May 2010 Update
By Josiane Hudicourt-Barnes
May 1, 2010
Here we are at the beginning of May and it will soon be 4 months since the Earthquake happened. The frantic pace of emergency care has abated and the hospital is quiet after 2 pm every day. In the morning the outpatient clinics are crowded but there are few hospitalized patients, few mothers giving birth. I haven’t seen a baby in the neonatal room for more than 2 weeks. The ICU is empty and the emergency room is often very quiet. People have to pay for care at HCH and people don’t have money. Only 2 patients are left from the Earthquake: 15 year-old Judeline with her multiple traumas, and Anese, the first time mom and amputee.Anese’s baby boy is two weeks old now and she is just waiting for a spot in a tent camp that the Organization for International Migration promised to find for her. Judeline is likely to travel to the US for further treatment.
Djimmy , the boy with the external fixator in the photos on our website, finally had his fixator removed by Dr. Bernard this week. The wound care area in the first courtyard is no longer in use, and La Pepinniére replanted flowers and plants in the two courtyards. We had a painting crew two weekends ago freshening up the staircase walls and the coffee area walls, and we had a mural painted on the far wall of the main courtyard. Three weeks ago, Rainmaker guys built a wood and tarp structure over the concrete platform next to the ER entrance for the Global Therapy Group to have their own workspace. Judeline is their main patient with 2 one-hour sessions every day. Judeline has been transformed by the therapist. She no longer has to be begged to get out of bed, and she smiles all the time. Most other physical therapy clients are outpatients who walk in for help or in-patient stroke victims. Global Therapy is in for the long haul and is making connections with other providers, and referring patients to Handicap International for prostheses, until we get our own lab. The Swedish and Colombian delegation that will help us with the prosthesis workshop arrives next week. Meanwhile HCH will be featured for a few moments at the end of this Sunday’s (May 2) Extreme Makeover Home Edition. The family who is getting the new home has a double amputee girl who donated two of her old prostheses to Renane, our poster child from the thank you note, and to another little girl named Louisemil.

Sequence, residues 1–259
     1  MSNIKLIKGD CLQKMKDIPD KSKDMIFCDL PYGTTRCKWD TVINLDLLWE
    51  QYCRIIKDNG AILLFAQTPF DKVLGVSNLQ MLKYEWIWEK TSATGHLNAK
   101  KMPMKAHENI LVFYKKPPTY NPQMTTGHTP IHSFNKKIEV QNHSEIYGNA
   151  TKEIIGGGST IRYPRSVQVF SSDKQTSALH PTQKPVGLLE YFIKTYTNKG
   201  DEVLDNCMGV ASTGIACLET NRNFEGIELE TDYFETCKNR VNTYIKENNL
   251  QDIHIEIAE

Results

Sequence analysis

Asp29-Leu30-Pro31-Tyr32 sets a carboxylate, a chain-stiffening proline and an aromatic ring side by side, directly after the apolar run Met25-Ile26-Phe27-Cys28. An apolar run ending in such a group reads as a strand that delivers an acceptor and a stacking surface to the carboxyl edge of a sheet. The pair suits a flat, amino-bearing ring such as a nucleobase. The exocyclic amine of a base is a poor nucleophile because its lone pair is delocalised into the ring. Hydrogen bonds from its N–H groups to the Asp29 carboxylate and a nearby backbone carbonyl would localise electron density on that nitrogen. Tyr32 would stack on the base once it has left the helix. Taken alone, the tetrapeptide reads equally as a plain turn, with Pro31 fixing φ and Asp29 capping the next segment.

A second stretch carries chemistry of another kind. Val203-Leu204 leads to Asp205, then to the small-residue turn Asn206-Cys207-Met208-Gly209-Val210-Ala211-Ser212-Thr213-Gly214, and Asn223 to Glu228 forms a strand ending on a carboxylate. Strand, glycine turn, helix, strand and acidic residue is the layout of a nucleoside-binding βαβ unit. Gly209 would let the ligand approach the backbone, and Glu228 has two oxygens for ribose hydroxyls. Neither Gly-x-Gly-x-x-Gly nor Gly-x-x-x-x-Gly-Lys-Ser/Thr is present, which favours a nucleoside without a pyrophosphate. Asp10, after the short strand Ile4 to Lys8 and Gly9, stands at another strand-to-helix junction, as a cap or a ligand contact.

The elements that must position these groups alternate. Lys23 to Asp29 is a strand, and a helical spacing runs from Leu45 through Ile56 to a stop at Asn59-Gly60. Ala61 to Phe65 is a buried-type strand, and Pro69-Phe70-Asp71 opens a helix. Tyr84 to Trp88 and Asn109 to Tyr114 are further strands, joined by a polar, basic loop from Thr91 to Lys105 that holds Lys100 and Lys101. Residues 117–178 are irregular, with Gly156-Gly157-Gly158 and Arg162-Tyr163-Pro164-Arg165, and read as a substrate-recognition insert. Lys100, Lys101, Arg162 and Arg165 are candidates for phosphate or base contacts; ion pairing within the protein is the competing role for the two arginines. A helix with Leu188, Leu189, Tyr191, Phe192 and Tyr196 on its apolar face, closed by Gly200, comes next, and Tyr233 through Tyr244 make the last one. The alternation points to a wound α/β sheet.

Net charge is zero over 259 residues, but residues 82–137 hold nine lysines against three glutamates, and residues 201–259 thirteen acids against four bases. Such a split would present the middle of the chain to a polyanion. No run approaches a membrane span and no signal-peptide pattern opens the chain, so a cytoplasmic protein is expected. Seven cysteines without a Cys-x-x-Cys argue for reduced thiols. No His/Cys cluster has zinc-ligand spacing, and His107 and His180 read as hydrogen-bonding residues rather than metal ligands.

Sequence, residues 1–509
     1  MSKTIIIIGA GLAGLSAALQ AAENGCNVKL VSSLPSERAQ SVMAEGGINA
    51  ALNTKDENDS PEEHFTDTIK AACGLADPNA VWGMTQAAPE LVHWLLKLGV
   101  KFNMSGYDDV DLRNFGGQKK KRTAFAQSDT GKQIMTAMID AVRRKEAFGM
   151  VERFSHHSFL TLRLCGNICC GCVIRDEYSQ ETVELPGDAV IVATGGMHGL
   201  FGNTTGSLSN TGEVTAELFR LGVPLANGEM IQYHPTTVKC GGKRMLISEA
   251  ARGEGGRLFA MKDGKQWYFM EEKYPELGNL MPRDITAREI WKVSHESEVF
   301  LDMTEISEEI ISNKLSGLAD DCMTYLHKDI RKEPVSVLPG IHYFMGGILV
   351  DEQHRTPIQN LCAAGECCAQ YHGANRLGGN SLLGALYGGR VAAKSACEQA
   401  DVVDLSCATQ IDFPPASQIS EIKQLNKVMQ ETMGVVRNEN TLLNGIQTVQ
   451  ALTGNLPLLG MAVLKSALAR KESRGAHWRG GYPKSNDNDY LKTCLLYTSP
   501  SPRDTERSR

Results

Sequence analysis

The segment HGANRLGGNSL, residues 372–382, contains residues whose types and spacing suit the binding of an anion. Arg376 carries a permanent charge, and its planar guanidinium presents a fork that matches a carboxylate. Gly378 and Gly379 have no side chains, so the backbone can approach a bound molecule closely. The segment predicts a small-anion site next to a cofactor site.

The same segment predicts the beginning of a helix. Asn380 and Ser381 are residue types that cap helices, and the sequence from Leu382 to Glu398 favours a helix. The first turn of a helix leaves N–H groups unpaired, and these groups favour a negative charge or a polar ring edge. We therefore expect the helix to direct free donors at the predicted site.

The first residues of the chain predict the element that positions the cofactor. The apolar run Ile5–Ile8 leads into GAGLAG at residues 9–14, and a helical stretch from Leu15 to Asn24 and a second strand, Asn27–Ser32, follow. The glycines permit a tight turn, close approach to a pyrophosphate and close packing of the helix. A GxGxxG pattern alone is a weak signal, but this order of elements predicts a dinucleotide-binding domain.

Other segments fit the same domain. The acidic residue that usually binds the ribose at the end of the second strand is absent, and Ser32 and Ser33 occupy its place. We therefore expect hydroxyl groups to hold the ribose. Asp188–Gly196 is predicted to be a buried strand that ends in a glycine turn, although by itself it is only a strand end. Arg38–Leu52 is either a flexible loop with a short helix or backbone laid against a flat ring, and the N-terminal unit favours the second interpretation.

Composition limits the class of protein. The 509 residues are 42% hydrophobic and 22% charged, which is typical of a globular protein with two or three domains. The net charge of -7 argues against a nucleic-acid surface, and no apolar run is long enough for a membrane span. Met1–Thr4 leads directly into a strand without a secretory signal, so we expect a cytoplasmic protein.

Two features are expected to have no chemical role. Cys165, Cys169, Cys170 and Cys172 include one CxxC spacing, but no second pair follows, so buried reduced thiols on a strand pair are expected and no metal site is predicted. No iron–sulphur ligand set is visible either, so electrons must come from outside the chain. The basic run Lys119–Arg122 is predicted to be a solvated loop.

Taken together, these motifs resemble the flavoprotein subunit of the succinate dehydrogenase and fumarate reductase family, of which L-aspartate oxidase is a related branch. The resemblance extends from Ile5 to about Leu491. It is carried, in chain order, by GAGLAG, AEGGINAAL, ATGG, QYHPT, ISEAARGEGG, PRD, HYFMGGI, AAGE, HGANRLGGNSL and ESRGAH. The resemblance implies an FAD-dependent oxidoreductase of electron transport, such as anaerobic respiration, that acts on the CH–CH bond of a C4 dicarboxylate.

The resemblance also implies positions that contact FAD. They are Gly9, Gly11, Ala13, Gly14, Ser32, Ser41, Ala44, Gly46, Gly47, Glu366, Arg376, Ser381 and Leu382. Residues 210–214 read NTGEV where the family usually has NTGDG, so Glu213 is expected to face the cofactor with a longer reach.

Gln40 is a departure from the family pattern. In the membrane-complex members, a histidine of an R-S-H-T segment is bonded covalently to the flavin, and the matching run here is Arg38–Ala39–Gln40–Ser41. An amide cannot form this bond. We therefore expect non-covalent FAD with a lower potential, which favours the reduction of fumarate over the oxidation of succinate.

Since the last week’s news spotlighted the bankruptcy of Haitian private hospitals, HCH feels lucky. We have had no lay-offs and we are still working. You, our great friends and relatives in the United States, Canada, Haiti, and the world have sent us contributions. Thanks to all of you, we made our payrolls and began to pay our bills without charging patients for 3 full months. We even bought a tiny box van to do errands because the hospital truck can no longer be repaired. We also continued to feed a meal of rice and beans every day to patients and staff. The administration wants to stop feeding the staff as of May 1.
April 12th was a very upsetting day because we began charging patients. Charges at HCH are usually 10-15% of the cost of a fully private hospital ($4 per visit, $6 per hospitalization bed) but it is still money that folks don’t have. The hospital emptied out and the emergency room became quiet. Today there are 20 hospitalized patients. The few earthquake victims left in hospital were allowed to remain for free. Outpatients from the earthquake will also continue receiving free services. Thankfully, this week we received a grant from Direct Relief International for $25000 to continue some free services for 3 months. We will continue to have an outdoor free clinic, and we will begin free consultations for women and children on Monday. By using the grant money to pay the Haitian doctors, we are hoping to actually double the value of the grant by also having guest medical staff to work in pediatrics and women’s care. We know that having fewer patients doesn’t mean that people are not sick. We know that women are having babies without skilled help in their tents or homes, and that every time a child is sick, the mother has to think about whether the child is sick enough to warrant borrowing the money for a medical visit or for transportation to a free clinic. That is an unbearable thought. We know, because too often the decision to go to the hospital is done so late that people die on the way, in the parking lot, or shortly after arrival. Meanwhile news of millions and billions being donated to Haiti keeps arriving but no large entity, not the Haitian government, not the US government, not the very large nonprofits have offered to help us serve the community.